It is a universally accepted truth that a mine seeking innovation will in some way implement automation.
Whether they are putting tele-remote vehicles on site, semi-autonomous loaders, or going completely driverless for their fleet, automation is undoubtedly the next step in mining.
And with the current downturn in mining forcing many companies to re-evaluate what have in time become bloated or cost heavy operations, they are now obligated to be seeking new ways to achieve more cost efficiencies and better productivity, and one of the ways in which they can do so is through automating processes.
Australia is at the forefront of much of this automation, and as Caterpillar’s Carl Hendricks said during a recent Brisbane event: “Australians are often very keen to implement new technology on site”, but where is automation headed?
We already have driverless trucks running in the Pilbara; LHDs roaming underground tunnels picking up and dumping pre-set tonnages by themselves within a laser defined area, all the while reporting back every aspect of their operation; we also have the technology to remotely control vehicles from 1000s of kilometres away, as ably demonstrated by both Rio Tinto and BHP’s remote control operations centres in Perth.
The next great leap, though, is not exactly known.
We have this existing technology, so where to from here?
According to Schneider Electric’s solutions vice president for mining, minerals and metals (MMM) Diego Areces, the next step is likely to change the reality of mining itself.
Catching up with Areces at AIMEX earlier this year, he explained to Ferret that the next great leap will be less on the capital equipment itself and more on the technology progression side, seeing the full integration of Informational Technology and Operational Technology, more simple plug and play process, and most remarkably, augmented reality.
Examining the market
Areces started by explaining that despite the current predictions of a downturn, “the concept of a mining slowdown isn’t 100 per cent correct, and in reality it is the way that companies are investing in mining that has changed, and as they are investing in a different way the levels of investment have changed which is forcing miners to invest in optimisation”.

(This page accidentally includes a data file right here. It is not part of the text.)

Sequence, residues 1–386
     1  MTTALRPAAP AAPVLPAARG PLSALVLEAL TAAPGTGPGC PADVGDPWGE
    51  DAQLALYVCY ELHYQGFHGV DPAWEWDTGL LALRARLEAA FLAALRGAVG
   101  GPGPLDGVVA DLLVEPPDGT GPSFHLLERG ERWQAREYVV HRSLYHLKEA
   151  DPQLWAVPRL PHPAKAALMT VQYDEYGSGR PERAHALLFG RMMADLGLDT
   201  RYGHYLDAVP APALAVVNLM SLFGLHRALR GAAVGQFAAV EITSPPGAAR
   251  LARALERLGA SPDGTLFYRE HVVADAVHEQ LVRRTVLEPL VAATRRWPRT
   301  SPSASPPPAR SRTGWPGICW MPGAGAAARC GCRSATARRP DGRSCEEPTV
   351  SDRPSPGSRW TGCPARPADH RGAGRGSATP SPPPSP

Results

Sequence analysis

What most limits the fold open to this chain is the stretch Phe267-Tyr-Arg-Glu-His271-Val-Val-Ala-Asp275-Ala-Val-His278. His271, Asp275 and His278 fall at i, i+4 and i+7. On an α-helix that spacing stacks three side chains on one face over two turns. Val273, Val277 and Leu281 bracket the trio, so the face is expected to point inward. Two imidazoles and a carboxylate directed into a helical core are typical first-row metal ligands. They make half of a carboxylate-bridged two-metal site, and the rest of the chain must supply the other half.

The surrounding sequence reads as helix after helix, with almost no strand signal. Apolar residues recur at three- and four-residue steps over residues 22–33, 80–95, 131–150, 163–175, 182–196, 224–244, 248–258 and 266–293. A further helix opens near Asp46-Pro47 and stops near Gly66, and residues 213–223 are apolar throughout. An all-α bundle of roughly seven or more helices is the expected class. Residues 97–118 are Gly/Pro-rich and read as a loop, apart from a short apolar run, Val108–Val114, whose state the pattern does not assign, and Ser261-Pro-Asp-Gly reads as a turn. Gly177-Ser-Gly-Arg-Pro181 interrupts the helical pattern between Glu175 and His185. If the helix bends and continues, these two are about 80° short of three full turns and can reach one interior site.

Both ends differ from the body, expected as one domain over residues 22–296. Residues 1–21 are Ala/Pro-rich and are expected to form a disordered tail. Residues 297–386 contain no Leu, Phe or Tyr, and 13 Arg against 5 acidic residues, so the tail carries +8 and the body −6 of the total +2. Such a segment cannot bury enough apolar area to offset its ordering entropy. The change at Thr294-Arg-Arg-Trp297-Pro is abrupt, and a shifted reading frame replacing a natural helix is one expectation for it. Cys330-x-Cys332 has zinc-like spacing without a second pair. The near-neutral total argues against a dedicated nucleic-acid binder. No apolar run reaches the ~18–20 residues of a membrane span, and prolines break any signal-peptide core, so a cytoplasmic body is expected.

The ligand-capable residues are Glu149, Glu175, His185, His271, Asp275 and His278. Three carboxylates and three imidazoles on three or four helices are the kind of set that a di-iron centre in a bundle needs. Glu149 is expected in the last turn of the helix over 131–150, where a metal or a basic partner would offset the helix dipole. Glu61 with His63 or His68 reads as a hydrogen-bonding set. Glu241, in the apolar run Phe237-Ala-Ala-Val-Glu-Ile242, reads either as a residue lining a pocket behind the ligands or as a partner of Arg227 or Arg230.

“In the past miners focused simply on being the biggest of the lot, but now this has changed; they are focusing on being the best, the most efficient, the most optimised,” he told Ferret.
Automation will play a major part in this.
“We don’t need to pull back now; we need to invest more into optimisation.”
Going on to describe Schnieder as a company that supports organisations to optimise their operations, he said this is even more important as the scale of the mining has shrunk compared to the previous years and while the longterm fundamentals remain the same, population growth, urbanisation, the push for sustainability, and the scarcity of reserves will force these economics to change.
Automation and the options this offers miners will allow them to be more flexible as “commodity price volatility will become more prevalent”.
The changing factors
Six factors were given by Areces as the new focus for miners in the next technological age, and he explained how automation was to play an either direct or indirect role in them.
He listed off the upcoming IT/OT convergence, which makes automation technology and hardware easier to use and implement in existing processes; the focus on overall process optimisation and automation’s role in ensuring accuracy in all aspects; workforce management and how automation is changing job roles and creating new ones while reducing the need for others; the rising importance of ICT for mining and its link back to the IT/OT convergence and the plug and play model for miners; remote control and the increase in mobility in mining; the crucial aspect of energy management; and finally automation and social licence.
He pointed to mobility as one of the bigger game changers, and how in automating processes and allowing for remote control operation miners can now access their site, modify or fix issues while off site and have a greater ability to analyse data from their machines.
The opportunity for developing mining in Australia lies thoroughly in optimisation and in turn automation “as Australian operations aren’t at the level they should be for the levels of knowledge it has locally, it has a huge amount of engineering knowledge and process facilitation
Mining is going to use automation to take it to the next levels of operation.
“It will be more pragmatic, as it moves to a more sustainable mining model and miners use sustainability as a yard stick to measure their operations,” he said.
“We can expect more remote operations and greater mobility and this is even likely to spawn augmented reality in mining – where operators are replicating, remotely, the environment of the site for remote control operators so that they can get a better understanding of the conditions they are operating in, not just watching through a screen, but getting more layers on information (potentially through using something such as Google Glass) such as the humidity and temperature of the area, hardness of rocks, GPS, and other aspects that are currently not recorded or provided but directly affect operations,” he told Ferret.
Areces added that in the very near future “people will no longer be in the mine as more processes become automated or tele-operated, and augmented reality will change the way we operate as tele-remote operators will be able to feel everything, with that additional layer of information, but without the safety risks of actually being in the mine”.